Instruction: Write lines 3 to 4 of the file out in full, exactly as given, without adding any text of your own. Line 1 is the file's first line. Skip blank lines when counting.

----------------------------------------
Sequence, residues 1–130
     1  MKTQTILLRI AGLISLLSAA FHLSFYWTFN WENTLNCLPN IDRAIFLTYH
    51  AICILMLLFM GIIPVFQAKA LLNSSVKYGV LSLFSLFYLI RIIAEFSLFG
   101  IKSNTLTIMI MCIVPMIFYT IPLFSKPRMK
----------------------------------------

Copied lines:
    51  AICILMLLFM GIIPVFQAKA LLNSSVKYGV LSLFSLFYLI RIIAEFSLFG
   101  IKSNTLTIMI MCIVPMIFYT IPLFSKPRMK